Whilst you’re there, be sure to visit…
Perfect for nature lovers young and old, Cotswold Falconry Centre is home to over 130 birds of 60 different species. Enjoy captivating daily flying displays where you’ll learn all about how the different species hunt and catch their prey, and you can even wander through the aviaries to get up close and personal with these amazing animals.
The centre is home to species that are critically endangered in the wild, as well as a variety of birds native to the Cotswolds such as common buzzards and kestrels.
Just next door to the Falconry Centre is Batsford Arboretum, home to the country’s largest private collection of trees and shrubs. Hosting an impressive total of 2,850 labelled specimens there is plenty to see, with the gardens offering beautiful flora all year round.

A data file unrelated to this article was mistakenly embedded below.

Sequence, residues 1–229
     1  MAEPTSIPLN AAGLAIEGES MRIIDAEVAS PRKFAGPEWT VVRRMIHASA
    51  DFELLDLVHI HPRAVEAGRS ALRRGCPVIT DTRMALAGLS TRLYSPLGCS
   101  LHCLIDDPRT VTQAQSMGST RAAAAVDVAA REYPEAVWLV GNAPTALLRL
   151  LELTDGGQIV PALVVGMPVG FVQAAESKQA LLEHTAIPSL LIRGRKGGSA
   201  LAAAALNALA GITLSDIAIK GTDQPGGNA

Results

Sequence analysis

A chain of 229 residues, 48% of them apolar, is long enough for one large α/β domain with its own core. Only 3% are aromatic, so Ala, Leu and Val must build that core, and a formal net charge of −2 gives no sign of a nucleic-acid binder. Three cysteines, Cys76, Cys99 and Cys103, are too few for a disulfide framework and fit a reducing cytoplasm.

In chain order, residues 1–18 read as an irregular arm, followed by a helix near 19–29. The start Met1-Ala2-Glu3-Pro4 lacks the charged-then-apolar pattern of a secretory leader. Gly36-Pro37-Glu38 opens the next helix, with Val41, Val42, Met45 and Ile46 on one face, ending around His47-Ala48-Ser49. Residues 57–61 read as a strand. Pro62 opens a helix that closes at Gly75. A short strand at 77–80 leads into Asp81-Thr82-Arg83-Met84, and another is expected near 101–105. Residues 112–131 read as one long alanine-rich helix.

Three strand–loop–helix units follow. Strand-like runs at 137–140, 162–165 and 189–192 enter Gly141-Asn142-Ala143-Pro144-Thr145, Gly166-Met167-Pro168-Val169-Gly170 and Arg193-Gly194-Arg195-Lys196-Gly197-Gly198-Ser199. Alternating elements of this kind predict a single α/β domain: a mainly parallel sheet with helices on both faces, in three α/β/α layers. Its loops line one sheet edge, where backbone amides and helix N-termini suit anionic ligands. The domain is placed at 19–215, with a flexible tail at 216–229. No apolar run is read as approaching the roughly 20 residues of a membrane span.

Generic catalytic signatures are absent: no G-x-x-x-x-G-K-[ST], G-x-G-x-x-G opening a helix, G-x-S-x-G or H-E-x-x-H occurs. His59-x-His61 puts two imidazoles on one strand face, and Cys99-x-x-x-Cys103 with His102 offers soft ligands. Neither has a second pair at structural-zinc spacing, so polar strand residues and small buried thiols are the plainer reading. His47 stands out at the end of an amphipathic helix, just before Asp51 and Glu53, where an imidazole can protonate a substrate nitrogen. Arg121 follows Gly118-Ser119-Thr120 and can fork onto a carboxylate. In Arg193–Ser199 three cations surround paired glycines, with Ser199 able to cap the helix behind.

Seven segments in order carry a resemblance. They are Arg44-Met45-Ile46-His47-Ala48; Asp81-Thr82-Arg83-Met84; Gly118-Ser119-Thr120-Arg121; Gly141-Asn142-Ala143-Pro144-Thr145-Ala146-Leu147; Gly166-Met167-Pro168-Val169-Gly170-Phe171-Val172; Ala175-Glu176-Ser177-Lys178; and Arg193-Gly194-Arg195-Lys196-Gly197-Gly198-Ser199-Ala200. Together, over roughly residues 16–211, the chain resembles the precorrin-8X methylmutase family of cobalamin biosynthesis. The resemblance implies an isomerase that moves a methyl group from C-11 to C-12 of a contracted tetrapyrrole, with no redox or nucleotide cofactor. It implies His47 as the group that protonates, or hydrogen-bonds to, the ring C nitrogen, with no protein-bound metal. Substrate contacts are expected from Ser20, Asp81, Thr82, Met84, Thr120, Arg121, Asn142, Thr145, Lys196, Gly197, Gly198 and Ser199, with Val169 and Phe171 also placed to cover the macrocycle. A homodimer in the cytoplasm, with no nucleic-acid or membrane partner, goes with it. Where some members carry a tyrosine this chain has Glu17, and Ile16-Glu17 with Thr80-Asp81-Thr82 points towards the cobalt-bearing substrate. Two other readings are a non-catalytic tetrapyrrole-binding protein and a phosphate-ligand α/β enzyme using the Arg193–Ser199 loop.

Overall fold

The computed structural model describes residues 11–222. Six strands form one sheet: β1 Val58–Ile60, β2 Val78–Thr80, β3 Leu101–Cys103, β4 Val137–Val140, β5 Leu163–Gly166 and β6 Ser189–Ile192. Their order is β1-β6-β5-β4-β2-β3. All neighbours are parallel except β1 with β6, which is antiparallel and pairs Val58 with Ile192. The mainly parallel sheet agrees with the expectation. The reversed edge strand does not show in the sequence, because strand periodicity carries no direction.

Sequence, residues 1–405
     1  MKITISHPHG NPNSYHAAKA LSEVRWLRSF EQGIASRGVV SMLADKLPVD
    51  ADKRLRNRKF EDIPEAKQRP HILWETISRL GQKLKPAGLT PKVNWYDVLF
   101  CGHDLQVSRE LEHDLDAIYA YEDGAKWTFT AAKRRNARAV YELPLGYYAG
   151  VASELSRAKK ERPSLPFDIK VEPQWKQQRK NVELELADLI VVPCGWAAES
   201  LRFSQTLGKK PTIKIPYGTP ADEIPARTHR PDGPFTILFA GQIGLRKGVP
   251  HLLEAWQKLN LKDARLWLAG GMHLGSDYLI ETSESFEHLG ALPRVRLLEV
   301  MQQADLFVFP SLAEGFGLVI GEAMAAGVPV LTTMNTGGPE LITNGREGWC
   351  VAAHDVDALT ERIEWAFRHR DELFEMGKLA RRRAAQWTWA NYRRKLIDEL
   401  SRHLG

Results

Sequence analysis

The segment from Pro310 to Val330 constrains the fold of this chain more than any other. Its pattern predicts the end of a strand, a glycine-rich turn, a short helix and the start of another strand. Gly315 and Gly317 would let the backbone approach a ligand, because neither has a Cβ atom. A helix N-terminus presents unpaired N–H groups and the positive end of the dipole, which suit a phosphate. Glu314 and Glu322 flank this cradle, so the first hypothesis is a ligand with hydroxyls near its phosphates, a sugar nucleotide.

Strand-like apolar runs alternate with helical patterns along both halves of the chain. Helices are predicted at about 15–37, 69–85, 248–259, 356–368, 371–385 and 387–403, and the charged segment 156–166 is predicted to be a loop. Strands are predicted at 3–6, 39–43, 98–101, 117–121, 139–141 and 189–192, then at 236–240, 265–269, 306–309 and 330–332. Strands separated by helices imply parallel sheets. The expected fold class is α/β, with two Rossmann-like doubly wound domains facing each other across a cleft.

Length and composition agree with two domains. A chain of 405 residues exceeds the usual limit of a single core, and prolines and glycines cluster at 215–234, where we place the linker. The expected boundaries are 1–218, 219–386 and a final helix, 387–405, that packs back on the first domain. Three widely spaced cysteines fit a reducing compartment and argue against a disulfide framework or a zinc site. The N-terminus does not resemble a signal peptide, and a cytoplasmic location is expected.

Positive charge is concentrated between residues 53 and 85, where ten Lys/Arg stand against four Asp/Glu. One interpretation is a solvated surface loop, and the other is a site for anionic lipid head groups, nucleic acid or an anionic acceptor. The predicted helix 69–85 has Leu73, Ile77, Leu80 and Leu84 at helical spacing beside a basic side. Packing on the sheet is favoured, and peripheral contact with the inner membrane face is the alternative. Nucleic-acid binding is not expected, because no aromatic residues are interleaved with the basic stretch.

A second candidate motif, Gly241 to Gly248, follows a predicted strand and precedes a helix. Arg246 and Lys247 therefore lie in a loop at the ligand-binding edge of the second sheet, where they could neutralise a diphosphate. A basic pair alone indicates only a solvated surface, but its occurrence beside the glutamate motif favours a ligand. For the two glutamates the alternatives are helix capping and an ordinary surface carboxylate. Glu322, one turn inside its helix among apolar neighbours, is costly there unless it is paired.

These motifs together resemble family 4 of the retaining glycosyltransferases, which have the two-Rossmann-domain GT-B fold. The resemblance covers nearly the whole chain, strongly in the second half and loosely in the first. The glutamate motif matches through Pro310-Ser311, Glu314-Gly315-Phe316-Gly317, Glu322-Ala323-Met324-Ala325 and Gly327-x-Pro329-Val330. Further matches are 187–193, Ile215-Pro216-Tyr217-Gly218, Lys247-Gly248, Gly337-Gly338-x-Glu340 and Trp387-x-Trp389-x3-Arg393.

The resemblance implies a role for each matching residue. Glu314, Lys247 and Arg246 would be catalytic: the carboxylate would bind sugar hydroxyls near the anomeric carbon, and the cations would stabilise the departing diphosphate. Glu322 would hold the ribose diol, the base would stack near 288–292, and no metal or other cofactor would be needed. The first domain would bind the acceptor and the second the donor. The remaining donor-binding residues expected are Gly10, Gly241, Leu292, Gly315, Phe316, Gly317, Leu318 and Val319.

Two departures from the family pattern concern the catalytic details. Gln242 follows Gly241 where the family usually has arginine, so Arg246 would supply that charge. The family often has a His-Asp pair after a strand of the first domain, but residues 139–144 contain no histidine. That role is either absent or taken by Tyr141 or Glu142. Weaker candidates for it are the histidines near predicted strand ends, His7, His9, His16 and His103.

There is also a huge garden centre which is a haven for plant lovers, as well as the Garden Terrace Café to provide you with the all-important coffee and cake.
Surrounded by scenic Gloucestershire countryside, the spectacular Jacobean Chastleton House, built between 1607 and 1612 by a prosperous wool merchant, is a beautiful spot to while away an afternoon.
In the 400 years that followed it remained completely unspoilt, acting as a time-capsule which perfectly captures the spirit of the era. Today you can wander around and experience life as it would have been, before enjoying a picnic in the beautiful gardens with stunning views out over Evenlode Valley.
Don’t go anywhere! There’s plenty more of the Cotswolds to explore...